Angela Bassett talks about inclusion at Texas diversity conference

Angela Bassett
Angela Bassett at the World premiere of Marvel’s ‘Black Panther’ held at the El Capitan Theatre in Hollywood, USA on January 29, 2018. (Photo Credit: Tinseltown/Shutterstock.com)

Actress and activist, Angela Bassett was the keynote speaker at the 14th Annual Texas Diversity and Leadership Conference held in Dallas, April 11-13. This year’s theme was “Inclusion: The Source of Innovation.” The conference provided an opportunity for attendees to come together and advance their knowledge of diversity and leadership – in an effort to produce work environments that foster inclusion.

Keynote speakers also included veteran democratic political strategist Donna Brazile; former 43rd governor of the state of Florida, Jeb Bush; and former secretary – U.S. Department of Housing and Urban Development, Julian Castro.

Bassett spoke at the Texas Most Powerful and Influential Women’s Breakfast portion of the conference held on April 12. She shared diversity is “defined as a state of being diverse, of having variety. Inclusion is the act of being inclusive – embracing all within a group or structure. And innovation occurs when new ideas and methods are introduced.”

Bassett said she wasn’t speaking from a place of negativity when it comes to diversity and inclusion today.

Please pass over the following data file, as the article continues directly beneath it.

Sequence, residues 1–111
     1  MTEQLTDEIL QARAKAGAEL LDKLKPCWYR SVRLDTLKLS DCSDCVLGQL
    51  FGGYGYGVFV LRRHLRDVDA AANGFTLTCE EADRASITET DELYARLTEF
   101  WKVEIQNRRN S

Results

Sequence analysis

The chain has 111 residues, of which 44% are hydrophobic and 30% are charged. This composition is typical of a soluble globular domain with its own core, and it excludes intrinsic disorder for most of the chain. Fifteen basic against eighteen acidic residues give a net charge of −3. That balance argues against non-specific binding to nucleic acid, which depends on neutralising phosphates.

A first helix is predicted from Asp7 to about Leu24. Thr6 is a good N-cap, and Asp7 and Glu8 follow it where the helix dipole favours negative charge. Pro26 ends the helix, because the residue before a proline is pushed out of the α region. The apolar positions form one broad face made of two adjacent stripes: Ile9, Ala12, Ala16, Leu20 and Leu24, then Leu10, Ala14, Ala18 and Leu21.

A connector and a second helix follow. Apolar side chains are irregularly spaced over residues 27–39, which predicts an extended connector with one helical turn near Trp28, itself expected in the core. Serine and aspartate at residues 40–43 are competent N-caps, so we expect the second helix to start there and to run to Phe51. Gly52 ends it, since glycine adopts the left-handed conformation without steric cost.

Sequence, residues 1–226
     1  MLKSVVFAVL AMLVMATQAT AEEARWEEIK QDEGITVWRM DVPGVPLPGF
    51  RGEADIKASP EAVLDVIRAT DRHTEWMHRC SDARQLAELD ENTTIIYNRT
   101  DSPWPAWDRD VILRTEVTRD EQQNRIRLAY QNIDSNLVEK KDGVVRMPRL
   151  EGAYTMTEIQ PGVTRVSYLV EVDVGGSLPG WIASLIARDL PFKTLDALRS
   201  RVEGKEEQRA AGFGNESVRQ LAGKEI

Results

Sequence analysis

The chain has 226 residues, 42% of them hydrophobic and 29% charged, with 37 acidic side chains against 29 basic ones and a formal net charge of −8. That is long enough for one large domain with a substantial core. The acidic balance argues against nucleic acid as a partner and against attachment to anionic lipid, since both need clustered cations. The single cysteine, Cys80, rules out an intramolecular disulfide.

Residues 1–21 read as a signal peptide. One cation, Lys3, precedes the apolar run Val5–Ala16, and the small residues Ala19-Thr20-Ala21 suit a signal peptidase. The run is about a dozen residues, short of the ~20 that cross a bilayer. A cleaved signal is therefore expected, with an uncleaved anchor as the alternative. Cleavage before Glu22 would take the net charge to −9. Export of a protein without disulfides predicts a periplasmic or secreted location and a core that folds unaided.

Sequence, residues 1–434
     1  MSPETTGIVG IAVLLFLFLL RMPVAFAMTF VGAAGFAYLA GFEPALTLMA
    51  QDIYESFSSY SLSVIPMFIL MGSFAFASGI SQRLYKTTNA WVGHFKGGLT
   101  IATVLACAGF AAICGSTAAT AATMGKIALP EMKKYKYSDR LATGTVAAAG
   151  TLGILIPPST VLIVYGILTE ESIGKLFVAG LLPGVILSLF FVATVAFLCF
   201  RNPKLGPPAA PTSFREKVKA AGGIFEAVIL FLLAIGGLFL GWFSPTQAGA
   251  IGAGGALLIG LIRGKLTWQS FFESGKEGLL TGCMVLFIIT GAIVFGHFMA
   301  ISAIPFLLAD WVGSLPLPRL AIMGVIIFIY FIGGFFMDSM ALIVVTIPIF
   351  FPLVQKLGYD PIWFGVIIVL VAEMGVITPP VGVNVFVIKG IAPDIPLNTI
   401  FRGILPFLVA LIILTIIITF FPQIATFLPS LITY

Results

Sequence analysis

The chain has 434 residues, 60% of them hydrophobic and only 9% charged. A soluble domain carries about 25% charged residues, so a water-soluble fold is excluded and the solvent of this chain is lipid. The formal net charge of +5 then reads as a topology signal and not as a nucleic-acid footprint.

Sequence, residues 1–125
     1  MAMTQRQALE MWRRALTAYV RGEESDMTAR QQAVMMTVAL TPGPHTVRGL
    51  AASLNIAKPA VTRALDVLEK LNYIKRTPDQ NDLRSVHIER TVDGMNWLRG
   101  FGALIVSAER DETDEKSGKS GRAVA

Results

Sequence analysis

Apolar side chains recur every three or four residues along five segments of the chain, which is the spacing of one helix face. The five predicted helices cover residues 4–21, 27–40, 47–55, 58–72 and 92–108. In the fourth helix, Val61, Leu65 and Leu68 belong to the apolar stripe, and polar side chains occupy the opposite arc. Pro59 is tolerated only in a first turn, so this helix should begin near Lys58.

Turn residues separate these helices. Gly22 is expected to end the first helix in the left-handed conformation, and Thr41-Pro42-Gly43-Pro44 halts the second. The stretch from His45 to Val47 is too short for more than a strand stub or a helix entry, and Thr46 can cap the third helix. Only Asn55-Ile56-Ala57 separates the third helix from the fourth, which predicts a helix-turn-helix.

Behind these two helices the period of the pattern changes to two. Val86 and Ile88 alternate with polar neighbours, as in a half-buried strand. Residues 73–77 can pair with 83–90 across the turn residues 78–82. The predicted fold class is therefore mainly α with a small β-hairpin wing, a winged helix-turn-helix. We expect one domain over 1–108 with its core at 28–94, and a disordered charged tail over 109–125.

“Instead, I feel a sense of frustration; after all, it is 2018. And even in my frustration – I’ve accepted the fact that the diversity and inclusion conversation is ongoing. It needs to be, obviously, until the scales are more balanced and the playing field more leveled. And even after that, we’ll have to continue to reinforce the message,” she said.

“There comes a time when one must take a position that is neither safe, nor politic, nor popular. But he or she must do it because conscience tells him or her that it is right,” said Bassett. “I often think about the questions Dr. King posed during the speech he delivered 50 years ago in 1968: ‘Cowardice asked the question, ‘Is it safe?’; expediency asked the question, ‘Is it politic?’; vanity asked the question, ‘Is it popular?’; but conscience asked the question, ‘Is it right?’”

Bassett said she wants people to do better as a society.

“I want us to push past this point. So, I’ll keep showing up and speaking up – and being a part of this critical, courageous conversation,” said Bassett.

Other conference panel sessions offered varied perspectives on a range of topics, including the creation of a diverse workforce, essential leadership skills, personal branding, and diversity and inclusion best practices.

 

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